Employees Data Theft – What You Need To Know

Rick Weber,
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[Editor’s Note: Today’s post comes from Rick Weber, president of Elijah, LTD.]

Data thefts from hackers make headlines, but the bigger risk to companies is walking out of the door each day.  A recent survey of over 200 organizations found that 69 percent experienced data theft incidents involving corporate insiders, a figure rising to 77 percent within technology and media companies.

Motives for insider data theft are varied, but common scenarios include at least one of the following:

  • Competition: In the classic scenario, a departing salesperson copies customer information to make it easier to compete. A single misappropriated spreadsheet could contain the proverbial keys to the kingdom.
  • Intellectual Property: Formulas, source code, or other intellectual property are copied to save the time and money associated with developing such materials independently.
  • Espionage: Both foreign and industrial, including direct actors and more commonly those looking to make a fast buck by selling stolen date.
  • Extortion: Using the threat of releasing embarrassing data to secure compensation.
  • Punishment: Not everyone likes being fired. Some people steal data to maliciously publish it without financial remuneration.
  • Inadvertence: Many employees keep personal photos, videos, and music on company devices. Business documents accidentally could be transferred during that process.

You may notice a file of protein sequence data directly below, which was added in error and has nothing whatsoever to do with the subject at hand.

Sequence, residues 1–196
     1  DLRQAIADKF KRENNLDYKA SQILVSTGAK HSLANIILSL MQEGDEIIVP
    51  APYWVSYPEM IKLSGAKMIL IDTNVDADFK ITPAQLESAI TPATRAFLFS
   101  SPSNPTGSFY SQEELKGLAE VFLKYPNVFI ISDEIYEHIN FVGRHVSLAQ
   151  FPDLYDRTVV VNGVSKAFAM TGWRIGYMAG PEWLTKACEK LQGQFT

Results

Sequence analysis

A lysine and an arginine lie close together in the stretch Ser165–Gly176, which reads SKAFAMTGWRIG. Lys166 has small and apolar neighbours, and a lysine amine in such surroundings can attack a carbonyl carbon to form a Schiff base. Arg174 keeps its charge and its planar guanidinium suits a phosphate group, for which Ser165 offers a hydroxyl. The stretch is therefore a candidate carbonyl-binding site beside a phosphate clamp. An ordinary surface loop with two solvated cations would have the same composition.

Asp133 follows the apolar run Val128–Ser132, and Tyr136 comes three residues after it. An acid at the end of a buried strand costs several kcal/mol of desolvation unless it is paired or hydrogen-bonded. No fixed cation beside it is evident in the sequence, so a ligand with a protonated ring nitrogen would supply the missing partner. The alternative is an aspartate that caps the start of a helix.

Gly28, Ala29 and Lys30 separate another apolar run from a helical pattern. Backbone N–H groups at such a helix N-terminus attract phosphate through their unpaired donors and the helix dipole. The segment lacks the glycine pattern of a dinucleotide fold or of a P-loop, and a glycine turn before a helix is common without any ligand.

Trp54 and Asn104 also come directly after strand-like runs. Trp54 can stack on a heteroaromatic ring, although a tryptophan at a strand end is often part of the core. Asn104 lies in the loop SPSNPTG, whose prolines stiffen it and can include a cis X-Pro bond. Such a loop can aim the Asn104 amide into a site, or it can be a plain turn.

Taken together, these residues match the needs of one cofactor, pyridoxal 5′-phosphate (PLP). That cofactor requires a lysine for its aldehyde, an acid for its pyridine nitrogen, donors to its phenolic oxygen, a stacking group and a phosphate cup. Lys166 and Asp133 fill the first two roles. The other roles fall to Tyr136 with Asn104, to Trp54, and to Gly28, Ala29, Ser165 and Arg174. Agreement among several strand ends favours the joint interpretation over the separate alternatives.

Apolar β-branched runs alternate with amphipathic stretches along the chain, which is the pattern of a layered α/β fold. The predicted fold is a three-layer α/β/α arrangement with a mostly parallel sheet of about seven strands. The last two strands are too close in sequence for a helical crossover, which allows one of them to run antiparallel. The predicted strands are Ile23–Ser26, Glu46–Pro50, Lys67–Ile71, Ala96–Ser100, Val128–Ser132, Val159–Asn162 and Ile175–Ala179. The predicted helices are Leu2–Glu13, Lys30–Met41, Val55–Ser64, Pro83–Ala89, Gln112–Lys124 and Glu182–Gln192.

Given the magnitude of the problem, what practical steps can business take to safeguard their data from departing employees?

  • Adopt and Update Computer Usage Policies: Adopting easily understandable computer usage policies, promoting awareness, and maintaining a culture of enforcement can go a long way towards deterring insider data theft. Technology changes rapidly, and such policies periodically should be revised to keep pace.
  • Improve End of Employment Processes: Exit interviews represent a perfect opportunity to request return of electronic storage devices, ask if company data is stored in personal devices or accounts, and seek a written commitment that all such data has been returned.
  • Perform Targeted Investigations: Certain classes of employees pose particularly high risks for data theft, such as salespeople and senior executives. Forensically analyzing the equipment of key personnel as part of the departure process can result in identification and resolution of data theft issues before damage becomes extensive or irreversible.
  • Establish Digital Forensics Provider Relationships: Building a trusted relationship with an outside computer forensics provider can yield substantial dividends. Skilled digital forensic experts can help identify data theft, provide clear reports and testimony, and help identify best practices to minimize organizational risks.

Build an Effective “Exit Strategy” 

Evidence shows that companies are most vulnerable to employee data theft when employees quit or get fired.  Knowing what an outgoing employee is doing in the days and weeks leading up to their departure is often the most critical time to be policing.

To help build an effective off-boarding program, companies often turn to Elijah Ltd for their The Data Loss Detection managed Service offering. To learn how to minimize the risks of employee data theft and its potential impact on the organization, please visit https://www.elijaht.com/

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